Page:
Found in translation: How one person unites a leadership team

An agency's business leaders speak a different language than its technology heads, but to accomplish the agency's mission goals they must communicate. At the intersection of these contentious constituents there is often one person providing translation.

Inside the Small Business Administration, you may find Chase Garwood, the new deputy CIO, walking the halls and speaking to people in what might sound like different languages.

He’s helping the agency drive its infrastructure modernization in his new role, and he has to translate the ins and outs of the enterprise architecture and other core strategies for two distinct groups: the business managers and the IT experts at the agency.

Early on, “I started out on the policy, planning and management side, but I could always translate between the policy folks and the IT folks,” he said in an interview Aug. 30.

That ability to communicate between separate but connected offices, phrasing things in ways that are understandable to each, is an invaluable skill. It helps agency managers understand the reasoning behind some decisions, and builds support for a mission that affects each of the offices.

It’s key that “the IT folks and the business and mission folks, who are dealing with our customers directly, are really in lock-step,” he said.

For example, enterprise architecture is one area that Garwood has to translate. On a basic level, the architecture establishes an agency-wide road map to achieving the agency’s mission goals at an optimal level. It makes business processes run at their peak within an efficient IT environment. In other words, enterprise architectures are blueprints for an organization. Garwood said the enterprise architecture construct is vitally important for a successful infrastructure at SBA, as it breaks down isolated systems and builds a more interconnected infrastructure.

But it is important that the business management and the IT experts be on the same page of the blueprint, even though they may see the page from different angles.

“Whether or not you’re in strategic planning, enterprise architecture, security, or what not, we have to make sure folks are 'matrixed in' together, and they understand that it’s not an individual special functional area, but really one team,” he said.

Garwood arrived at SBA July 30 from the Homeland Security Department, where he had worked since its inception. He has been part of leadership teams in multiple DHS components and programs, including most recently as CTO for the U.S. Visitor and Immigrant Status Indicator Technology (US-VISIT) program.

He's not the only manager who has discovered the value of matrixing people together. Elaine Duke, former undersecretary for management at DHS, said she would bring together her C-Suite of senior department officials, including the chief financial officer, chief human capital officer and chief security officer, for regular meetings. She would let each of them  them make pitches for funding for certain projects and programs. Then they would discuss the proposals. That became another means of translating, of helping people communicate when they have different priorities and concerns, she said. The meetings would build understanding within the executive team about the funding decisions that DHS made, even though they might still not agree.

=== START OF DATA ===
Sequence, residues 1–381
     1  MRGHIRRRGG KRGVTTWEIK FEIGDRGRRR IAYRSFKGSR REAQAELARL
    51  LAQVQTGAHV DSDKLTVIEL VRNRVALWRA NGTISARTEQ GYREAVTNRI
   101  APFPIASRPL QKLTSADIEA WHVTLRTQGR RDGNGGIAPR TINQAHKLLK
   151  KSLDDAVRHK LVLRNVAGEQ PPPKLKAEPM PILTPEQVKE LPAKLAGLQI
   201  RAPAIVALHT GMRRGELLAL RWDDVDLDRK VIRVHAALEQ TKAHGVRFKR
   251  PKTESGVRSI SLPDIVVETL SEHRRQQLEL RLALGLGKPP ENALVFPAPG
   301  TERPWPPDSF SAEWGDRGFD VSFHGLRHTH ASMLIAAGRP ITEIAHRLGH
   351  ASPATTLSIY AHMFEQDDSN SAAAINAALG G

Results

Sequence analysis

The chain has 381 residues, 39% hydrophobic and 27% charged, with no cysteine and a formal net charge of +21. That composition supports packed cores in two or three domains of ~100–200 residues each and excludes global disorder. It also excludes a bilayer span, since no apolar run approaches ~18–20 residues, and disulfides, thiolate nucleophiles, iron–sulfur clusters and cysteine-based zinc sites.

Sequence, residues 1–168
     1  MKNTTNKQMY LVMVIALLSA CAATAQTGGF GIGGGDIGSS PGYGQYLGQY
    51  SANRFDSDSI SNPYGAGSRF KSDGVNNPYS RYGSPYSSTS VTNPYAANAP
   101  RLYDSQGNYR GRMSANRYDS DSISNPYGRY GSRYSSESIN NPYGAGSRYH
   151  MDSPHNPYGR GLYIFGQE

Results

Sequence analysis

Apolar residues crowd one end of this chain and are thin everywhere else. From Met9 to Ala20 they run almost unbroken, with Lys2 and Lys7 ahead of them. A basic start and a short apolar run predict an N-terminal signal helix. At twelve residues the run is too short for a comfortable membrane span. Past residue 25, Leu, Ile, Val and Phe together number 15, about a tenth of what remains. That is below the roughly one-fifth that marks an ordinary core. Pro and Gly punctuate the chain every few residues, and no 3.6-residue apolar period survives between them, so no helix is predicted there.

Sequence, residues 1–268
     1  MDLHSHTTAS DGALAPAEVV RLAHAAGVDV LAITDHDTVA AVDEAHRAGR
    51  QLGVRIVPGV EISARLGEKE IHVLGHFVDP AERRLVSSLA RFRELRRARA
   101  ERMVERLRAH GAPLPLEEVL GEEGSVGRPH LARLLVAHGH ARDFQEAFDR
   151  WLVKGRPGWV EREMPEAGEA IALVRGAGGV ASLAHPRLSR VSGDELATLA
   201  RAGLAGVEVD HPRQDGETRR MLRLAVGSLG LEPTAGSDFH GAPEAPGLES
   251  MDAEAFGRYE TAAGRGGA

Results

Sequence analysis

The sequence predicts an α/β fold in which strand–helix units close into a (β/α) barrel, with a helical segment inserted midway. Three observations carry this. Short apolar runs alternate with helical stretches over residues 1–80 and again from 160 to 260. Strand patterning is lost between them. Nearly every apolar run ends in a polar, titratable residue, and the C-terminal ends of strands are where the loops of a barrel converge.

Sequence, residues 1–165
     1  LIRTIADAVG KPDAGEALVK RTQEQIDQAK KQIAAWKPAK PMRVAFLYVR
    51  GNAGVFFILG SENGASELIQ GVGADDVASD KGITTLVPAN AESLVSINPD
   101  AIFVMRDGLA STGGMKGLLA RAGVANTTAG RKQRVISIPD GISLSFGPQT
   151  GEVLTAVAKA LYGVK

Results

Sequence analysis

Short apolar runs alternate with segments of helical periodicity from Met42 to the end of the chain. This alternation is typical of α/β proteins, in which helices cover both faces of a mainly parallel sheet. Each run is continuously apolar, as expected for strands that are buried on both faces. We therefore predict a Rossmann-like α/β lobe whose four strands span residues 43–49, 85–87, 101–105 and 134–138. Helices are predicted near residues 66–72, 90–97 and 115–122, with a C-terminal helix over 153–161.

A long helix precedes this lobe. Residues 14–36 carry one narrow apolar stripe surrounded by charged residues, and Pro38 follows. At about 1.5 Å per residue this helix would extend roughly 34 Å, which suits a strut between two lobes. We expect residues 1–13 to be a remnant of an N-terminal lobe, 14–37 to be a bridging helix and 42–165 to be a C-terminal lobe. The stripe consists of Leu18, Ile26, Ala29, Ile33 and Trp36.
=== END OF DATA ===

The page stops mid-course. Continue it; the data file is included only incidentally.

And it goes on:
The discussions are “good for [senior officials] to hear for a frame of reference,” said Duke, who's now president of Elaine Duke and Associates, a consulting firm.

Just as the senior officials are listening to each other, strong agency leaders have to be good listeners and communicators. They are building the coalitions and teams within their organization to advance its mission, said Roger Waldron, president of the Coalition for Government Procurement. Officials have to explain the issues with their hearer in mind. Officials in policy, technology, and program management listen for different aspects to an issue.

Similarly, Duke said approaches to communication change when dealing with appropriators and authorizers on Capitol Hill, for instance. The appropriators are interested in quantitative information, the dollar figures. Authorizers may be geared more toward qualitative data, or how well a program is expected to work.

In addition, strong leaders must be able to make reasoned decisions, even among all the competing voices and needs, said Waldron, former senior procurement executive at the General Services Administration.

As deputy CIO, Garwood has to steer the agency in the direction of oncoming methodologies for delivering IT more efficiently and in shorter cycles.

The federal budget situation and the push to increase productivity with scarce resources have made senior government officials hunt for savings. Garwood said he plans to continue SBA’s efforts to share services and take advantage of systems other agencies have already built, which is team building beyond SBA. For example, SBA is already teaming up with the Treasury Department for human capital performance systems and HR employee training.

“That’s showing some cost-savings and operational efficiencies, which allows us to deal with any kind of cuts,” he said.

Garwood expects to be heavy in the operational end of modernizing SBA’s IT infrastructure. He’s partnering with Eric Won, SBA’s CIO, in developing IT strategies. His mission though is making sure the agency advances toward the modernization goal. And it comes down to people.

“We don’t accomplish anything without people,” he said.

NEXT STORY: Obama vs. Romney on cybersecurity

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